France

Constantin Brancusi – Brancusi Filmed (1923-1939)

In the early 1920’s, Man Ray, who had previously taught Constantin Brancusi how to handle a still camera, introduced him to the movie camera. These fifty minutes of film, shot between 1923 and 1939, representing the sum total of all the images ever filmed by Brancusi, have never been shown before. Read More »

Jacques Becker – Goupi mains rouges aka It happened at the inn (1943)

Quote:
Originally Goupi Mains Rouges, this was the first new French feature film to be shown in the US since the end of WW2-though “new” was a relative term, inasmuch as the film was completed in 1943. The scene is a remote, rustic inn, managed by a scruffy family of peasants known as the Goupis. Practicing their own special brand of larceny, the Goupis fancy themselves as Runyonesque rogues, going so far as to bestow colorful nicknames upon themselves. The official head of the band is “Red Hands”, played by Fernand Ledoux, but even he is answerable to the Goupis’ patriarch, a 106-year-old named “The Emperor” (Maurice Schulz). Read More »

Paul Grivas – Film catastrophe (2018)

In 2010, Godard’s Film Socialisme explores the sinking of political ideals in Europe. In 2012, the Costa Concordia, which had served as an allegorical platform for Godard, sank in front of the cameras of passengers and the world. In 2018, Paul Grivas Film Catastrophe, looks at images of the disaster to revisit the film factory Read More »

Jean-Luc Godard & Anne-Marie Miéville – L’Enfance de l’Art (1993)

A woman, a child, a man and another child, the noise of bombs falling and of planes passing by, in a urban landscape destroyed by war.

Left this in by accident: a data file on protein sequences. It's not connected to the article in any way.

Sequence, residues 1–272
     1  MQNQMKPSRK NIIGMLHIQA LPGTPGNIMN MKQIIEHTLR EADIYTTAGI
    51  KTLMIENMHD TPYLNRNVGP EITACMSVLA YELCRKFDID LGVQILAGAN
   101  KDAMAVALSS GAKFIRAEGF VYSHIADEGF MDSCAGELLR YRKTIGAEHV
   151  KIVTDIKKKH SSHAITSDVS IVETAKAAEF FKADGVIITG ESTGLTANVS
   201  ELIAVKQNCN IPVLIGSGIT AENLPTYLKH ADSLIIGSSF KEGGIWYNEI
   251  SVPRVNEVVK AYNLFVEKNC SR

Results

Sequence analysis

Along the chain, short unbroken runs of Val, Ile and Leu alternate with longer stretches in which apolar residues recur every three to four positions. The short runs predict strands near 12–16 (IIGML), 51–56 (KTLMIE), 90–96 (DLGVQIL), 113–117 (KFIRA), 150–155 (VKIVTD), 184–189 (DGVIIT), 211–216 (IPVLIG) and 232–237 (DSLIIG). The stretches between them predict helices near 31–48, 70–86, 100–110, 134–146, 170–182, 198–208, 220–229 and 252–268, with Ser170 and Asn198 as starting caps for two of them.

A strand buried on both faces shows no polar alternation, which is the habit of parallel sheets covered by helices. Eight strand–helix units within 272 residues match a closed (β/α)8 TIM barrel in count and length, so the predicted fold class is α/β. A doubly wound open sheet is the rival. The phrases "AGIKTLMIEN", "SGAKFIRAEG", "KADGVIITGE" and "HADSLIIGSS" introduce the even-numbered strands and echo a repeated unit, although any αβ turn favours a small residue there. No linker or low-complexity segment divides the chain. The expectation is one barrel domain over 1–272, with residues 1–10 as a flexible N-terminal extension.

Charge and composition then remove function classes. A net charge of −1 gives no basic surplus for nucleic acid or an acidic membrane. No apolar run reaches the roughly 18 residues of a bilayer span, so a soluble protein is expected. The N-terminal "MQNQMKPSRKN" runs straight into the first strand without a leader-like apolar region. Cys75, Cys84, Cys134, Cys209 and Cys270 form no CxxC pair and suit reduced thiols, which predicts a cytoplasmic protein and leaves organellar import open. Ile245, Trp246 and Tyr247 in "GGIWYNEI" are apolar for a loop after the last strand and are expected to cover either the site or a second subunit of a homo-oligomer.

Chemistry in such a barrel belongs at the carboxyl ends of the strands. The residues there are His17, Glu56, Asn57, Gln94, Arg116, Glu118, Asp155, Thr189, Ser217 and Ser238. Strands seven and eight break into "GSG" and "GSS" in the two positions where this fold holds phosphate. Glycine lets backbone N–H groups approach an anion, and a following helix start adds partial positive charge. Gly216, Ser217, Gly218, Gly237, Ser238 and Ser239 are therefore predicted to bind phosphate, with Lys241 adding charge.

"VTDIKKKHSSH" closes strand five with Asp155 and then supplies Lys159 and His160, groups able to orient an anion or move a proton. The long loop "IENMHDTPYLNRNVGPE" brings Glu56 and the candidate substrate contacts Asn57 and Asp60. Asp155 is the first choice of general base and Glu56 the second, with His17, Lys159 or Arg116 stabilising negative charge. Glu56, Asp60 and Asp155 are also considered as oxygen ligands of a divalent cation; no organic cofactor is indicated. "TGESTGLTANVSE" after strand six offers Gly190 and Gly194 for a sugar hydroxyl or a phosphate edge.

A man dies before he had time to write on the back of La liberté guidant le peuple de Delacroix: that could be the plot, just the enigma consisting of a missing word. A question opened before death, resolved by a child, the shadow and spirit of Gavroche. Read More »

Jean-Jacques Annaud – La victoire en chantant AKA Noirs et blancs en couleur AKA Black and White in Color [+extras] (1976)

Synopsis:
French colonists in Africa, several months behind in the news, find themselves at war with their German neighbors. Deciding that they must do their proper duty and fight the Germans, they promptly conscript the local native population. Issuing them boots and rifles, the French attempt to make “proper” soldiers out of the Africans. A young, idealistic French geographer seems to be the only rational person in the town, and he takes over control of the “war” after several bungles on the part of the others. (IMDb) Read More »

Philippe Pollet-Villard – Le Mozart des pickpockets AKA The Mozart of Pickpockets (2006)

IMDB Plot summary :
Richard and Philippe live hand to mouth, backing up a gang of Spanish pickpockets on the streets of Paris, posing as policemen who arrest a gang member while the others rifle the pockets and purses of gawkers. When all of the gang except Richard and Philippe are pinched, things look grim. Plus, Richard insists that they take in a wide-eyed immigrant lad, a deaf-mute left behind in the arrests. Philippe suggests a three-person pickpocket trick, using the boy, but when that goes spectacularly badly, they hit rock bottom. Then, at the cinema, the lad finds a solution. It’s time to celebrate. Read More »

Marcel Hanoun – L’authentique procès de Carl-Emmanuel Jung (1966)

“It’s virtually impossible to think of a major contemporary French filmmaker who has been more independent, hence more consistently marginalized, than Marcel Hanoun (1929–2012). Born in Tunis, he immigrated to France immediately after the war and, as Bernard Benoliel and Nicole Brenez put it, “gradually taught himself the techniques of cinema, without the help of any formal schooling and apprenticeship.” Despite the fact that he remained on the margins of “the French cinema” as we know it (in terms of state support, distribution, and critical attention), he managed to make an astonishing 70 films over the course of his career. Read More »